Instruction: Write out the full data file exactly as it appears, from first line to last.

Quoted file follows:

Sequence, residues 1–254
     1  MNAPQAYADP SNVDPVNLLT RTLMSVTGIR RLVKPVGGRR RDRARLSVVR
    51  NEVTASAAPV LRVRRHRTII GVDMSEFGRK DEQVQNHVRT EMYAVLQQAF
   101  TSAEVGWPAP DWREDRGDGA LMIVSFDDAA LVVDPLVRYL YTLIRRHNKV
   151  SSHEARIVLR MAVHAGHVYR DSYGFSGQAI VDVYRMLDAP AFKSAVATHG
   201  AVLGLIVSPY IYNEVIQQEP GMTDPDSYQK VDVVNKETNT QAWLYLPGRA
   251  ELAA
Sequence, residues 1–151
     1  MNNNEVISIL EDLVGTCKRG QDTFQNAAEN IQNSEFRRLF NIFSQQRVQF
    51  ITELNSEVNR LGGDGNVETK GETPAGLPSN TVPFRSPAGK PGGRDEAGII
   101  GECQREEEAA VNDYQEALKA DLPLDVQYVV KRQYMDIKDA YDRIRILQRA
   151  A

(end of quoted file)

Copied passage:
Sequence, residues 1–254
     1  MNAPQAYADP SNVDPVNLLT RTLMSVTGIR RLVKPVGGRR RDRARLSVVR
    51  NEVTASAAPV LRVRRHRTII GVDMSEFGRK DEQVQNHVRT EMYAVLQQAF
   101  TSAEVGWPAP DWREDRGDGA LMIVSFDDAA LVVDPLVRYL YTLIRRHNKV
   151  SSHEARIVLR MAVHAGHVYR DSYGFSGQAI VDVYRMLDAP AFKSAVATHG
   201  AVLGLIVSPY IYNEVIQQEP GMTDPDSYQK VDVVNKETNT QAWLYLPGRA
   251  ELAA
Sequence, residues 1–151
     1  MNNNEVISIL EDLVGTCKRG QDTFQNAAEN IQNSEFRRLF NIFSQQRVQF
    51  ITELNSEVNR LGGDGNVETK GETPAGLPSN TVPFRSPAGK PGGRDEAGII
   101  GECQREEEAA VNDYQEALKA DLPLDVQYVV KRQYMDIKDA YDRIRILQRA
   151  A